Case Studies:

Honduras- Jesus de Otoro

(PASOLAC initiative)


The Program for Sustainable Agriculture in Hillsides of Central America (PASOLAC)-supported local micro-watershed initiative. The Payment for Environmental Services (PES) scheme in the town of Jesus de Otoro compensates upstream landholders for conserving forests and for adopting better environmental practices.


Maturity of the initiative

Launched in 2002, ongoing in 2010.



Conflict resolution led by NGO (PASOLAC). The creation of the local NGO Council for Administration of Water and Sewage Disposal (JAPOE) was a response to serious problems of water access and quality that Jesus de Otoro faced at the beginning of the 1990s. There were a lot of conflicts between downstream residents concerned about pollution of drinking water supplies and upstream coffee producers. In 1996, the downstream community resorted to destruction with machetes of coffee seedbeds of upstream producers arguing that this activity was the main source of water pollution. In 2001, PASOLAC, financed by Swiss international cooperation, proposed to the JAPOE the establishment of a payment scheme for environmental services in the watershed, and provided a seed fund of US$4,000.




Private landowners in the watershed of the Cumes River. Total area of the sub-basin is 9,180 hectares (including downstream). Upstream target area is approximately 2,500 hectares. Current land use: around 53 per cent of the watershed is covered by forest, most of it pines and oaks. Part of the watershed is within the Montecillos Nature Reserve (protected area). Highest elevation is 2,200 metres above sea level. Current coverage of the PES scheme is 75.85 hectares of private land, expected to rise to 200 hectares. At the time the fieldwork by Kosoy et al. was conducted in 2004, the scheme offered payments to only four providers and covered around 22 hectares. Later, the coverage was expanded to 18 providers and 74 hectares. The properties under PES are small (range: 9.5-16 hectares, average: 13 hectares.


NGO managing water resources. The Cumes watershed supplies water to the town of Jesus de Otoro (with 5,200 inhabitants, 70 per cent with piped connections and the rest using wells and rivers). Funds for the programme come from two sources: an additional fee on water bills charged by JAPOE to 1,269 households (in 2004 this was US$ 0.06 or one Lempira per household per month). The Municipality is supposed to contribute 1 per cent of its annual income to the PES fund (which until 2004 had not been made effective). Seed capital was facilitated by the Swiss Agency for Development and Cooperation (SDC) through their local representative PASOLAC for US$4,000.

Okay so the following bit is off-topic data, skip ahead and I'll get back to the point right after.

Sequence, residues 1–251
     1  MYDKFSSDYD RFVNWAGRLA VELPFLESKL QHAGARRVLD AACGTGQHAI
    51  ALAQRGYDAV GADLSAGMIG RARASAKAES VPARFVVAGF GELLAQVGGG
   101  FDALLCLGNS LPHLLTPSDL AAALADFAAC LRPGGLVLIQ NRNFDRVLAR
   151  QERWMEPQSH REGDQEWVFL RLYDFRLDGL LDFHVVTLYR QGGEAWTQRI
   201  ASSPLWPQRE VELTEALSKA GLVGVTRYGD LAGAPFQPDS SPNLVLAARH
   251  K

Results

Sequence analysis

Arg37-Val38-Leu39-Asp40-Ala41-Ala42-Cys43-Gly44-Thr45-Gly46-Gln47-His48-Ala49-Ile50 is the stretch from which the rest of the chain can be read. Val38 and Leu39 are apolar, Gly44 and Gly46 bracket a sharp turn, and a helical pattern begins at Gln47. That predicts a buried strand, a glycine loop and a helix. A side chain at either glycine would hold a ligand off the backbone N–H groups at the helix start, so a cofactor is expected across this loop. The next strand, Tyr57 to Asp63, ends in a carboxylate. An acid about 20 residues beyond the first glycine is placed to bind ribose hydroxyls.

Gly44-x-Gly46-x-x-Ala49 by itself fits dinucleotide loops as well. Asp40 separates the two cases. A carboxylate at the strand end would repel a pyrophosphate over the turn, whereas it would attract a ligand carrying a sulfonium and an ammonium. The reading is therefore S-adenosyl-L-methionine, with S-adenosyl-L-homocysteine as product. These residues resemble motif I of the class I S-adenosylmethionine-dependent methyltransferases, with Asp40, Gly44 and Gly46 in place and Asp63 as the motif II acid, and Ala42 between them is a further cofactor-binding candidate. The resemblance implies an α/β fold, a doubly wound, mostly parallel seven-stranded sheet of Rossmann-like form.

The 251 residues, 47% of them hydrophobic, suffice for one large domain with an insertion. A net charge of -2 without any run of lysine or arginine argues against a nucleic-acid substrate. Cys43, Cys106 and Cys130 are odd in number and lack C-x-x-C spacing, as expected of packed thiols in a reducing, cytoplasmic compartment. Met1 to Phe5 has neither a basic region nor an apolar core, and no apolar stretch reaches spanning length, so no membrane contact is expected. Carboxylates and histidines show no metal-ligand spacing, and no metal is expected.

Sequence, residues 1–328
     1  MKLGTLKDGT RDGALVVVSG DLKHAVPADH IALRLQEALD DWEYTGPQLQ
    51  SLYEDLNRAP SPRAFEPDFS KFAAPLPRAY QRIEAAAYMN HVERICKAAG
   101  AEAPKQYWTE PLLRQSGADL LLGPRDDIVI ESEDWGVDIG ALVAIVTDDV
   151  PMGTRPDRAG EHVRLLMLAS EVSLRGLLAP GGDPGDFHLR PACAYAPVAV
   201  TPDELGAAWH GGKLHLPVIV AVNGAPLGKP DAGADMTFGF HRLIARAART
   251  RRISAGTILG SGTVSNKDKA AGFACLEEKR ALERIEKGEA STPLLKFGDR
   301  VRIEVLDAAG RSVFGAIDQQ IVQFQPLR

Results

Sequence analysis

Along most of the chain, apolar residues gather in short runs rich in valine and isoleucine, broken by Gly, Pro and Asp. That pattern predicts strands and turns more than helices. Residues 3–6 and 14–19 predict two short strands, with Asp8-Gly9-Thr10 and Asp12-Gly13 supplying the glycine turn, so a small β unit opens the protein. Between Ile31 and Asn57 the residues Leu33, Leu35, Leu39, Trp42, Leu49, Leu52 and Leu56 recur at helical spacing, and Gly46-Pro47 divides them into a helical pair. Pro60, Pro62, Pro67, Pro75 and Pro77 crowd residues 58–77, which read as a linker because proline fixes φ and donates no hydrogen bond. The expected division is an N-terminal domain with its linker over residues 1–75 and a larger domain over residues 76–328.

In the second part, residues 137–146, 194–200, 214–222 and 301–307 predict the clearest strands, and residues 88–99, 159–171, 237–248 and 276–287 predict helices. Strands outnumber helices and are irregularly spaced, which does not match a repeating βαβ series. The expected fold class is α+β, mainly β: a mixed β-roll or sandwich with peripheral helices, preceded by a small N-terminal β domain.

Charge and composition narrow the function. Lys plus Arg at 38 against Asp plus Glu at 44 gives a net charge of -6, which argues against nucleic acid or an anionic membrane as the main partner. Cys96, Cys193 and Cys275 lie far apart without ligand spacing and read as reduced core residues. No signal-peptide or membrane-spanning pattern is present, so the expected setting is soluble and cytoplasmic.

Willingness to pay. A survey among water users downstream (100 users) shows that the average income per household is $275 per month. 57 per cent of them drink water directly from the tap. Forty-three per cent of them are aware of the PES programme and 72 per cent agree that the payment (one lempira per household, or US$0.06) is fair. Almost 80 per cent of households believe that the quality of water has improved in the past two years. The survey did not examine if they thought it was because of the PES or not.


NGO intermediary: The scheme is administered by the local NGO Council for Administration of Water and Sewage Disposal (JAPOE). The NGO was created in 1995 with support from the Catholic Relief Service (CRS), to manage water provision and sanitation in Jesus de Otoro. Before that the municipality was in charge, but serious difficulties in access and quality forced them to accept transfer of authority to JAPOE. The NGO is a decentralized and participatory institution for urban management of water and sanitation, and its members are elected in general assemblies in 10 different areas of the town.